Since building a buzz with the reggae-inflected single "Keep You" in 2012, globally influenced pop band Wild Belle have released a full-length debut (Isles, released in March), played massive festival gigs (including Lollapalooza and Coachella) and toured nearly nonstop. Now the group -- led by singer-songwriter Natalie Bergman and backed by brother Elliot of Afrobeat outfit Nomo -- are ready to embark on their first full North American tour as a headliner, starting here in Madison and ending in the band's home base of Chicago seven weeks later.
Before the group plays at High Noon Saloon on Sept. 5, Isthmus caught up with Natalie about inspirations and writing on the road.
What has travel meant to your and Elliot's lives?
You try to collect music from places you visit; you try to collect experiences and stories. But recently, something that's been inspiring to me is being in Chicago. I feel like that's when I can pay attention to what's going on around me, in my own habitat where I live. Actually, I've been kind of excited lately about honky-tonk bars in Chicago with country-western music. We [recently] shot a music video in the desert with my little brother, and it's just gorgeous out there. Lately, the West has been a huge inspiration for me.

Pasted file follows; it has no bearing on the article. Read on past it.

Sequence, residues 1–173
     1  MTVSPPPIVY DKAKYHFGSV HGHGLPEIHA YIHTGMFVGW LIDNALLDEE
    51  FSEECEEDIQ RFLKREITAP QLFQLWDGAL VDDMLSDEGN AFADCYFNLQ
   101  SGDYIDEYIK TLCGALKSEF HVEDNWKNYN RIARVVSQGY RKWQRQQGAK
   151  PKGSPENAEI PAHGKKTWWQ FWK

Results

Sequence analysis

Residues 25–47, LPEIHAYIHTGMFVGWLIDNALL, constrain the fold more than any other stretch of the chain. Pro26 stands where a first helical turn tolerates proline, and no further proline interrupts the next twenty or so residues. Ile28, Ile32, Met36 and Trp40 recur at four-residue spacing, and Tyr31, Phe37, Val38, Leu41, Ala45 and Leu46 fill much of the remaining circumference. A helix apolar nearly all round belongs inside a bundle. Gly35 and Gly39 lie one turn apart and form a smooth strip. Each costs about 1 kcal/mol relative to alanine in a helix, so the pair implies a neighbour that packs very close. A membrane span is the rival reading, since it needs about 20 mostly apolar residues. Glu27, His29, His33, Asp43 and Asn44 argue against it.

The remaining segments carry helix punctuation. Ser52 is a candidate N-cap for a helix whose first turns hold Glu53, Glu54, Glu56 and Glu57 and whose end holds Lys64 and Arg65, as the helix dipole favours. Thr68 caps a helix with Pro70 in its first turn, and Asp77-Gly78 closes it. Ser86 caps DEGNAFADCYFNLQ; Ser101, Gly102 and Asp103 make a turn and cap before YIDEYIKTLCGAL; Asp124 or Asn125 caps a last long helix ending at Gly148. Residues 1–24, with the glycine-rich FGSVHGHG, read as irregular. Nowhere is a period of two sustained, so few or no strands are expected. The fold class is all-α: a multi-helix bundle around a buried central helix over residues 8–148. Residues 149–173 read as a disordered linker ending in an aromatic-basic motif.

Is it possible to tour too much?
I haven't hit that yet. But there are times when I need to be writing, and I want to be writing at home because that's where it comes the most naturally. You can write on the road, and most musicians are like, "It's challenging to write on the road." You can write anywhere if you have the will; it's a mental thing. You don't need be so conceited, like, "Oh, I'm so exhausted from touring. I can't write." It's kind of bullshit, honestly. You just write a song and you exercise your brain. Read a book -- just write music. That's my job.
I would like some time at home, because I feel like I'm really never home. But that's all right, because maybe at this time in my life, the road is my home.